Gray was again jobless when Miller broke up his band in 1942 to enter the Army Air Forces. Captain Miller used his connections and clout to have Gray posted in his unit; and in early 1943, Gray rejoined his old boss. There, he became became chief arranger for the "Band of the Training Command", better known today as the Glenn Miller Army Air Forces Orchestra.

It fell to Gray to conduct the orchestra's first concert in Paris after Miller's airplane disappeared over the English Channel. When the men returned to the U.S. in 1945, Gray assumed full leadership of the AAF Orchestra until its final performance in November of that year.

Gray was passed over for the job of leading the postwar Glenn Miller Orchestra, reportedly because the Miller Estate felt he did not have the pop-star qualities they wanted in a new leader. Instead, they  hired Tex Beneke whose talents as vocalist and lead tenor sax player in Miller's civilian band provided a much more colorful front for the band. In 1945, Grey was an arranger for the Tex Beneke - Glenn Miller Orchestra.

In 1949 Jerry Gray expressed frustration with musicians which he felt were cashing in on the Miller name even though their connections with the band were thin or non-existent. (This didn't include Beneke. They continued to have a good relationship.) He later accepted a request from Decca Records to lead his own Miller-esque orchestra. The result was what he called "Jerry Gray and the Band of Today", an orchestra featuring his old Miller hits along with new songs. For a number of years the Gray and Beneke bands co-existed, each staffed by many former Miller musicians plus other well-known performers.

Listening to the Gray and Beneke orchestras provides an interesting contrast. Gray was arguably closer in spirit to the Miller legacy but never quite achieved the same level of popularity because he was less of a showman than Beneke.  (The Miller Estate was right after all.) But, overall, with all the artists that joined in post-war rush to capitalize on the Miller name, it was Jerry Grey that was responsible for upholding the flavor and integrity of the Miller style.  In my humble opinion, history and Big Band fans alike should be thankful to Jerry Gray for that.

In 1953 he and Henry Mancini worked on The Glenn Miller Story, a movie about Glenn Miller's life. In addition to leading his dance band he wrote and arranged for singers such as Vic Damone and other projects.  The 1960's saw Gray finally settle down in Dallas, where he conducted the house band at the Fairmont Hotel.

You can hear many of Jerry Gray's songs here on Swing City Radio, with, of course, the vast amount of Glenn Miller songs he was responsible for arranging.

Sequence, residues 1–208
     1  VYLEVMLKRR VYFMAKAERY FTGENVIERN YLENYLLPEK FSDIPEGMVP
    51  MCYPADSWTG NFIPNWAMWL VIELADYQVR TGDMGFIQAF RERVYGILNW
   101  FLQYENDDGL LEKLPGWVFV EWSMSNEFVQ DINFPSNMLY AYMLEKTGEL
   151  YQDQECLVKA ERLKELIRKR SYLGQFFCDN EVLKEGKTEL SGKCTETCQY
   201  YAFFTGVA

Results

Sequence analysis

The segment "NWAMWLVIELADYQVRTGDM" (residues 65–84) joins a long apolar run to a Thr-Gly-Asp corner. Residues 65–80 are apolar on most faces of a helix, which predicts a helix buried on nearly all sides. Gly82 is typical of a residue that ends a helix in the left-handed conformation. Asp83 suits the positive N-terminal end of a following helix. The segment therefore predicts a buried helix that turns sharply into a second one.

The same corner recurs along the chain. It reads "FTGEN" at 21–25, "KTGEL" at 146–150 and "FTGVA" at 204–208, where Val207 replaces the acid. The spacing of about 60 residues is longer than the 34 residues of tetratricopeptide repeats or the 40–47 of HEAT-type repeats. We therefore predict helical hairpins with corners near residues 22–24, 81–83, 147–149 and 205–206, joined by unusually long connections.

Swing City Radio: Playing Your Big Band and Swing Music Favorites from the 1930's, 40's and Today! - Broadcasting Online from King of Prussia, PA.

The Speakeasy Three

The Speakeasy Three

Based in Brighton, England, The Speakeasy Three does a great version of Cab Calloway's "Minnie the Moocher." They released their single early this year and I included a promo video below.

I tried to find out more about the trio but only found their Facebook Page.  Here's the highlights from the About Section of their fan page:

Three Bad-Ass Babes Singing Their Little Hearts Out!

Ladies and Gentlemen! Prepare to swing, sway, sizzle and swoon! The Speakeasy Three are rolling out their show-stopping, room-swinging, after dark agenda for your delight.

Influences:
Influences on the sound, style and personality of the group include The Andrews Sisters, Billie Holiday, Etta James, Josephine Baker, Marilyn Monroe, Marlene Dietrich, Edith Piaf...

Like I said, not much info, but they do a good version of the song and have a good sound to them.  Check them out.



You can hear "The Speakeasy Three" on Swing City Radio's - Modern Swing rotation.

Swing City Radio: Playing Your Big Band and Swing Music Favorites from the 1930's, 40's and Today! - Broadcasting Online from King of Prussia, PA.

Recommended: (Affiliate Links)

The Speakeasy Three The Speakeasy Three The Speakeasy Three

Claude Thornhill

Claude Thornhill

Claude Thornhill (1908–1965) was the leader of the Claude Thornhill Orchestra and a talented pianist, arranger and composer. He penned the standards "Snowfall" and "I Wish I Had You".

Claude was recognized as an extraordinary talent from early on and by his mid-teens, along with Danny Polo, he was already in the scene touring. The early part of his career is linked with Artie Shaw.  Thornhill and Shaw started their professional careers together at the Golden Pheasant in Cleveland, Ohio, with the Austin Wylie Orchestra. They later went to New York together in 1931.  By the mid 1930's he was playing with big names like Glenn Miller, Paul Whiteman, Benny Goodman, Ray Noble, and Billie Holiday.